Once more, this is not political. Our inability to address these issues appropriately arises when we think of them as merely political, when we cast fellow image bearers into the “other” category and deem them enemies. This is a Jesus issue. How would He have us bring light and love into this chaotic, dark world?

The words at the end of a well-known parable echo in my mind:

“Which of these three do you think proved to be a neighbor to the man who fell into the hands of the robbers?”

“The one who showed mercy to him,” he said.

Then Jesus told him, “Go and do the same.”

– Luke 10:36-37 (CSB)

What does it mean for you to “go and do the same” today? What does it mean for me? Let’s wrestle with this together, and then do as God leads.

Stop.

Please read this letter and consider adding your name to it. Doing so may not feel like much, but it’s something. Then, join me in praying that God would grace us all with compassion and wisdom, from those in positions of power in the halls of government to those in the smallest communities around the nation.

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4 thoughts on “Five Minute (Saturday): World

  1. I totally agree that we need to exercise mercy. This is such a difficult issue and faces the European authorities along the Mediterranean as well as on the Miexican border. The reasons for human migration are complex but the issue of looking after them is simple. ‘Love your neighbour as you love yourself.’ It is easy to say that when, like me, you live hundreds or thousands of miles away but complex problems are the daily reality for some. Would we vote for the resources to go to those who need help? What if that impacted on our own families? Mmmm. Difficult.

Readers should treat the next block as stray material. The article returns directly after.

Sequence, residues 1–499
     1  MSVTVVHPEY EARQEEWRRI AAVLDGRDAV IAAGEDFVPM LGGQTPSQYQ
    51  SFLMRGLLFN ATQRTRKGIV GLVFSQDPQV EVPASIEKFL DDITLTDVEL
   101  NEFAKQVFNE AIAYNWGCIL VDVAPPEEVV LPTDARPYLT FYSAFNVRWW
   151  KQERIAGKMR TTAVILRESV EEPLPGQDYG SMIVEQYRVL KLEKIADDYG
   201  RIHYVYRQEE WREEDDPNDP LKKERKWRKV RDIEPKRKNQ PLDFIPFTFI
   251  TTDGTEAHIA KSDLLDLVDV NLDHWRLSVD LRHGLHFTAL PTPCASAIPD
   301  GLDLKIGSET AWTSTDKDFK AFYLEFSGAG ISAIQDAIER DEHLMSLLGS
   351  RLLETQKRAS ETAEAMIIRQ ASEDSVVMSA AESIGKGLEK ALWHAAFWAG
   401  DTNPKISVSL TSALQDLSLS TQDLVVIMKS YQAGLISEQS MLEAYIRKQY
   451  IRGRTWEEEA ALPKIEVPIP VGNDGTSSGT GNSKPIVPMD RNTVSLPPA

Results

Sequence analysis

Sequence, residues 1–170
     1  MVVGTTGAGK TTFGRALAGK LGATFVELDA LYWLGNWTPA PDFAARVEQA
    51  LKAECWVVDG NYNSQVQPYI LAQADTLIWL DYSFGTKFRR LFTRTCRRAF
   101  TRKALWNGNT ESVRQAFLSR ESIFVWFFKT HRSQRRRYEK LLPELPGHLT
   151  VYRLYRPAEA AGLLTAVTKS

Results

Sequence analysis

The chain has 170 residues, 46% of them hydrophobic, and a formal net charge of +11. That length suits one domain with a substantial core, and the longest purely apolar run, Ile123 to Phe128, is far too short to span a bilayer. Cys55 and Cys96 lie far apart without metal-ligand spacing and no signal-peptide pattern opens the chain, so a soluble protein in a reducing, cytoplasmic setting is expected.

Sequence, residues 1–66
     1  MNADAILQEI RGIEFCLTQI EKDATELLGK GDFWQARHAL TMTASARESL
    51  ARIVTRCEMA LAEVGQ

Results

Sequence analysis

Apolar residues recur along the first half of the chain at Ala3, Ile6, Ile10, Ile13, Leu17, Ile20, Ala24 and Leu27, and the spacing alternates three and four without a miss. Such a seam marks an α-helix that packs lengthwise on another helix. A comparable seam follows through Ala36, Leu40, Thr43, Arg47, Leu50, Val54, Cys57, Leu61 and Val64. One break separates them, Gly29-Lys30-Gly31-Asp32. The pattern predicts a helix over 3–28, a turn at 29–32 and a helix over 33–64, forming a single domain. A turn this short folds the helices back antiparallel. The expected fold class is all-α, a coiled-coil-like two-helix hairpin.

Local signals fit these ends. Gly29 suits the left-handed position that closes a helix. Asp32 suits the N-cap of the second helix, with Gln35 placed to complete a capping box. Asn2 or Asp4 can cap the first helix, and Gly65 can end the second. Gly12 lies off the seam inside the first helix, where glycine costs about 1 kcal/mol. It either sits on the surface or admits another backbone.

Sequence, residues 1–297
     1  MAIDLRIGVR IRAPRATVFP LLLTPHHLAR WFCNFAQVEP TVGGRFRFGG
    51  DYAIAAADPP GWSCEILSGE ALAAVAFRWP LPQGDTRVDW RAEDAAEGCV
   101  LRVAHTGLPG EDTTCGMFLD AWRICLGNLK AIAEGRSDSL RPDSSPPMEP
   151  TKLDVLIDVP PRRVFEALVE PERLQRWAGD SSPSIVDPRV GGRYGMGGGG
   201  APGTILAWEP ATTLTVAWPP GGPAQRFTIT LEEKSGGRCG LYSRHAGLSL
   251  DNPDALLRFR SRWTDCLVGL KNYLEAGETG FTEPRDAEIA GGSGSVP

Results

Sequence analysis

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    1. Thank you so much for stopping by, Letitia!

      When we get into the nitty gritty of the government’s role vs. our personal role, there’s a lot of room for reasonable disagreement and discussion, I think. And I hope we can start having that discussion and actually move toward workable solutions, rather than continuing to play politics or scream at each other. But, as you said, the mandate to love others is very clear. We don’t get to ignore the problem. We have to do what we can do. That will look different for everyone (I’m nowhere near the southern border), but each of us does have a role to play.

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  2. Closer to the border-land
    things are not quite what they seem,
    though I surely understand
    the pursuing of a dream.
    Quick mad violence walks these hills;
    a car was torched last night.
    In a place of myriad ills
    I’m ready for a fight.
    So many are the desperate
    and perforce we must be kind,
    but amongst is the degenerate
    with evil on his mind.
    Yes, they’re kids of God above,
    but so am I, and those I love.

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  3. “Because caring for others, really caring for them, involves relational investment. It takes time and the giving up of our own agendas, which we don’t want to do. And I’m right there with you; I struggle just as much as you do to surrender my will and take up the will of the Father.” Amen sister! There is no easy solution but recognizing this truth would go a long way.